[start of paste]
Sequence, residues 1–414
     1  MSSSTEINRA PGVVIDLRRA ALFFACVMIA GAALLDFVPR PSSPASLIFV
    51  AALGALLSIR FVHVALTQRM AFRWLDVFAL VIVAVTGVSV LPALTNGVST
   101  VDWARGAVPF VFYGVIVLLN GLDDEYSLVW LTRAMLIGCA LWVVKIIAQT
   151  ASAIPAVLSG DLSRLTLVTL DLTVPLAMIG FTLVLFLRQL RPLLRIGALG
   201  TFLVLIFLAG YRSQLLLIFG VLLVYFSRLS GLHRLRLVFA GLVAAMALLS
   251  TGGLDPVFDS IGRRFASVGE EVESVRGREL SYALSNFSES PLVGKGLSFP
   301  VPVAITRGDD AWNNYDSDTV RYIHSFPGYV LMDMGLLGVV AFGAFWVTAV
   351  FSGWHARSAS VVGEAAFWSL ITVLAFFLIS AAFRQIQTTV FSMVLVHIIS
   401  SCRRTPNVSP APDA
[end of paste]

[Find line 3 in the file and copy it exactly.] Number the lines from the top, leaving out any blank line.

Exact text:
    51  AALGALLSIR FVHVALTQRM AFRWLDVFAL VIVAVTGVSV LPALTNGVST